QA: That’s a feeling that everyone goes through, it’s completely normal. I think you even heard me a little bit ago talking about how I did all this work, worked my butt off, performed really well, and did all these things during my time here at DC. Then you know, you have the meeting and they let you know, “we’re not bringing you back.” So, everyone goes through that process of anger and disappointment. What we’re talking about really is how do you work through that process more quickly so you can see the positives and the information that they’re sharing with you that can be used to better yourself moving forward. How long did it take you to find out who made the team?


BS: Two weeks.


QA: Okay, in those two weeks, were you doing anything differently after you learned from visiting the trial?


BS: they gave me some things that they thought I could have done better, and I tried talking to my dad about what I should do to help me to do the things he said I needed to work on. I had to get better at defense, like once I lose the ball go back and get it.


QA: Did you agree with the assessment they gave you after the trial?


BS: I don’t know.


QA: This is good. We’re talking about how we get through this and figure out what we want to improve for the next time we go to a trial. Self-awareness is a skillset, just like you need endurance to run for a full ninety-minute game. So just as important as what you do during the trial is what you do afterward. I’m glad you’re thinking about this because a lot of players don’t.

So, Mark, maybe I want you to chime in a little bit here and let me know what your initial assessment and takeaways were from what the coaches shared with her after her trial.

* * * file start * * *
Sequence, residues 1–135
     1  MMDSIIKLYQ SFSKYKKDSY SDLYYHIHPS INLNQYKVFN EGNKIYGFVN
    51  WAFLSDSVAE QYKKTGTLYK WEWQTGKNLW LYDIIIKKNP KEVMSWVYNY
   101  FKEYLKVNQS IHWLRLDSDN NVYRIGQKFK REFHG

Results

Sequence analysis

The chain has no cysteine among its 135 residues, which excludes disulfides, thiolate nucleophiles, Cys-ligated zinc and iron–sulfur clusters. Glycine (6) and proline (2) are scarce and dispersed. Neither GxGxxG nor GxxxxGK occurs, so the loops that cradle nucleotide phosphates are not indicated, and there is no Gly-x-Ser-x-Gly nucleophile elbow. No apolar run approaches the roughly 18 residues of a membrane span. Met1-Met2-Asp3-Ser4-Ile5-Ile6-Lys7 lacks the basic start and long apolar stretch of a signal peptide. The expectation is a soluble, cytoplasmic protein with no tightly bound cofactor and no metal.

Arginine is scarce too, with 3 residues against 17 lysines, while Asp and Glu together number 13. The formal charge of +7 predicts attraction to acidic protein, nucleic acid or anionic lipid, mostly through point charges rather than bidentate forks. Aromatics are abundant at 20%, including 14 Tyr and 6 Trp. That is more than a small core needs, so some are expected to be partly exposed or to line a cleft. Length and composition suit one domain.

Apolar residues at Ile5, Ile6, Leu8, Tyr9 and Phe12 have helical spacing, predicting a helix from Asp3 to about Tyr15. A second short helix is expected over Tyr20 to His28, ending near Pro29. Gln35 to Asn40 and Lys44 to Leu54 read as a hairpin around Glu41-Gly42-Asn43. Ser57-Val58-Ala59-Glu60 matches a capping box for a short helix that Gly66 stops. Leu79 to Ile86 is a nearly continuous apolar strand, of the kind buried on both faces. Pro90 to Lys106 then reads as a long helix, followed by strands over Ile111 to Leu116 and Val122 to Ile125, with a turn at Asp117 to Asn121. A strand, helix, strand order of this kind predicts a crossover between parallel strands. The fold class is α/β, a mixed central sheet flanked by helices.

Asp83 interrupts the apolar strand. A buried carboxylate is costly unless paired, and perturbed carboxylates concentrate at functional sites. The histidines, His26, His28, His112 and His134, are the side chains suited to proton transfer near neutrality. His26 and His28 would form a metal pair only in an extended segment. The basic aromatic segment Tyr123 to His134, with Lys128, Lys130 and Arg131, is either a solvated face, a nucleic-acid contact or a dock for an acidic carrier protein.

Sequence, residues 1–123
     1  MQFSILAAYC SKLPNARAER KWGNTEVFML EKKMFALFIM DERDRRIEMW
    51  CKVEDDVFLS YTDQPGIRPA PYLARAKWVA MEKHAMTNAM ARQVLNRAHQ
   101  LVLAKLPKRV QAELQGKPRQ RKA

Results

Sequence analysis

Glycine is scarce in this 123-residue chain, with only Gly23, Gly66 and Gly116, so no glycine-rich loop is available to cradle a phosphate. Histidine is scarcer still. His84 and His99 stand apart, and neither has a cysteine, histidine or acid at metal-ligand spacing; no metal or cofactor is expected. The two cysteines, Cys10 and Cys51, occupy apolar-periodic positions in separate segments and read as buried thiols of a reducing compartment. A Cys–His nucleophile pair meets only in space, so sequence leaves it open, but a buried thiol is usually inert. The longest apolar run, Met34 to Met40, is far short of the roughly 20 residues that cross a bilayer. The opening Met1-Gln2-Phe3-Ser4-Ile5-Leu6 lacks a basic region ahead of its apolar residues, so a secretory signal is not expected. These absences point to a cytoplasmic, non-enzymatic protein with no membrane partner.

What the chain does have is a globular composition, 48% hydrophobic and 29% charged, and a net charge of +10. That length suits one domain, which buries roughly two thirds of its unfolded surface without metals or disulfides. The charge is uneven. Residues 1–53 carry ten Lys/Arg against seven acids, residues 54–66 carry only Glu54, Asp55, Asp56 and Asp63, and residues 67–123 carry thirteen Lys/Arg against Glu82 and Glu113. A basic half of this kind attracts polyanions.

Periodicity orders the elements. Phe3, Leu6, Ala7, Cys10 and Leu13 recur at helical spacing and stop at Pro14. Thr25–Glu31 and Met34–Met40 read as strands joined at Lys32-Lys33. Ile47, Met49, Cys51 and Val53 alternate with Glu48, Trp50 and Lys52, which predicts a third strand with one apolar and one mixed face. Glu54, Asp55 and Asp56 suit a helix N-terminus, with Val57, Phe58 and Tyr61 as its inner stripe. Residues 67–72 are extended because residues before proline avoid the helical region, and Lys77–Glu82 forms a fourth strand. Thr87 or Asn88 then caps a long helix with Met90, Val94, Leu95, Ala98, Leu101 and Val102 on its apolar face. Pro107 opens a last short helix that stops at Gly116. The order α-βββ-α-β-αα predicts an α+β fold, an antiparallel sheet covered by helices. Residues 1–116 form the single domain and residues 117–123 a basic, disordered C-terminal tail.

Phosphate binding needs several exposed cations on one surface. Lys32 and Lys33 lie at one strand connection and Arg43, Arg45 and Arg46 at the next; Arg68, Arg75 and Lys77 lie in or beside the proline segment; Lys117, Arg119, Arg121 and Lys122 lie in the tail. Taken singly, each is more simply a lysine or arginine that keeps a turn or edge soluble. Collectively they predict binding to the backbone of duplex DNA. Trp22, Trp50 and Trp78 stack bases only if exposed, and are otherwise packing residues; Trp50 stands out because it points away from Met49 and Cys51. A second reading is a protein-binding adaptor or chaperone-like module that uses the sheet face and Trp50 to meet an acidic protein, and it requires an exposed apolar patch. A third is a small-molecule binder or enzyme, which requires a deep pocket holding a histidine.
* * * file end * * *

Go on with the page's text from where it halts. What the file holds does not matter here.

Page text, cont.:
MS: There were a couple of things that they were right, and I agree with them. But the challenge for me as a parent and maybe even as a coach was some of the things that they were saying, ‘hey you’re not doing this,’ was because of the level of play she is at and not that she was doing something wrong. One of them said, ‘if you’re going to be center mid you need to demand the ball more.’ Well, at the level she was at, if you play that way because not all of them are competitive, it’s easy for your teammates to start to say, ‘you’re a ball hog, you just always want the ball.’ So, while these coaches were right, at the same time it’s something I struggle with. How do I teach her to do that when it causes all sorts of troubles within the team, with certain teammates, and those types of things? But it was good, and I mean, that was one of the things that when we got the list, I made sure to email the coach and say, ‘hey, she didn’t make it, what can she do? What did you see, what didn’t you see? Because she really wants to do this, and I thought she looked really good.’